'Best Hope At Sustainable Fisheries' Short-changed By Conservation Efforts, Researchers Argue
Small scale fisheries produce as much annual catch for human consumption and use less than one-eighth the fuel as their industrial counterparts, but they are dealt a double-whammy by well-intentioned eco-labelling initiatives and ill-conceived fuel subsidies, according to a University of British Columbia study.
Small-scale fisheries are characterized as fishers operating in boats 15 metres or shorter.
â€œThey are our best hope at sustainable fisheries,â€ says Daniel Pauly, Director of the UBC Fisheries Centre and co-author of a study published in the current issue of the journal Conservation Biology.
The study shows the amount of subsides large-scale, industrial fisheries receive versus small-scale, coastal fisheries. For instance, the average large-scale fisherman receives nearly 200 times the fuel subsidy that the average small-scale fisherman receives.
â€œThis is because small scale fisheries employ more than 12 million people world-wide, compared to half a million in the industrial sector,â€ says Jennifer Jacquet, study co-author and a PhD Candidate in the UBC Fisheries Centre. â€œAnd because small-scale fisheries use less fuel to catch fish.â€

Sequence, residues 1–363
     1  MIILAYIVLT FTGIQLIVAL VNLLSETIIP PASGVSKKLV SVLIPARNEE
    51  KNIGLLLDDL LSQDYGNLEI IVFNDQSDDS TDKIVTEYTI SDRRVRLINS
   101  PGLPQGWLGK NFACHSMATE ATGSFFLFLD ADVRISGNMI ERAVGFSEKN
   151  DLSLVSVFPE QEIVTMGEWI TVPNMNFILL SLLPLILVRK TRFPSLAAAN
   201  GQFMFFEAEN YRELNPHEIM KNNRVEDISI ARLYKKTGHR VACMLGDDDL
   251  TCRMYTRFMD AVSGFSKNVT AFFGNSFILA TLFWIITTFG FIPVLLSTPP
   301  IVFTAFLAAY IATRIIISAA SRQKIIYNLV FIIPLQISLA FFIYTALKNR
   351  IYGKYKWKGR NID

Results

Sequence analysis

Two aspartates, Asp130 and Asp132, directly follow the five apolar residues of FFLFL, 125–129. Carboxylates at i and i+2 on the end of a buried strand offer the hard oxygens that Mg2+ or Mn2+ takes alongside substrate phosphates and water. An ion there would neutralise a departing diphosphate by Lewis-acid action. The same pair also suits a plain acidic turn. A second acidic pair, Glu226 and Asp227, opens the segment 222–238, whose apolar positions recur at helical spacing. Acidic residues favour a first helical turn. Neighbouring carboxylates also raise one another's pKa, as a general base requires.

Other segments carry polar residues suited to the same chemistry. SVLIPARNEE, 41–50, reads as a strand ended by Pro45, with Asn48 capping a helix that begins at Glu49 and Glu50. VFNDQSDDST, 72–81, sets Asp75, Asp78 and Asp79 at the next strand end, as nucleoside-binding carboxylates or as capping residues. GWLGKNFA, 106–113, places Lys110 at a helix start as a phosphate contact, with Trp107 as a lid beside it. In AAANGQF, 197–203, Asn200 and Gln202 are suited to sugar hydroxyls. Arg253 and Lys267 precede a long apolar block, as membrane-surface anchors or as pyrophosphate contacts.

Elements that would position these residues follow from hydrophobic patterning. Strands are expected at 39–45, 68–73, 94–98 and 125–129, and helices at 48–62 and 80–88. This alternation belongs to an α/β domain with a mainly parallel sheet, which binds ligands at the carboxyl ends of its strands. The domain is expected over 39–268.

â€œSmall-scale fisheries use fishing gear that are more selective and far less destructive to deep sea environments,â€ says Jacquet. â€œAs a result they discard very little unwanted fish and almost all of their catch is used for human consumption.â€
Large-scale fisheries, on the other hand, typically do not target species for direct human consumption and discard an estimated 8-20 million tonnes of unwanted dead fish each year and reduces another 35 million tonnes of their annual catch to fishmeal.
Over the past decade, market-based sustainable seafood initiatives such as eco-labelling have been the predominant strategy for curtailing demand of dwindling fish stocks. The U.S. conservation community alone invested $37 million between 1999 to 2004 to promote certification and â€œwallet cardsâ€ to encourage consumers to purchase seafood caught using sustainable practices.
â€œFor the amount of resources invested, we havenâ€™t seen significant decrease in demand for species for which the global stocks are on the edge of collapse,â€ says Pauly. â€œMarket-based initiatives, while well-intentioned, unduly discriminate against small scale fishers for their lack of resources to provide data for certification.â€
Furthermore, small fishers simply canâ€™t compete on the open market with large fleets. Rashid Sumaila, also of the UBC Fisheries Centre, estimates that governments worldwide subsidize $30-34 billion a year in fishing operations, of which $25-27 billion go to large-scale fleets.
â€œItâ€™s an unfair disadvantage that in any other industry would have had people up in arms,â€ says Jacquet. â€œBut small-scale fishers are often in developing countries and have very little political influence.â€
Pauly and Jaquet say eliminating government subsidies is the most effective strategy towards significantly reducing pressure on vulnerable global fish stocks.
â€œWithout subsidies, most large-scale fishing operations will be economically unviable,â€ says Jacquet. â€œSmall scale fishers will have a better chance of thriving in local markets, and global fish stocks will have an opportunity to rebound.â€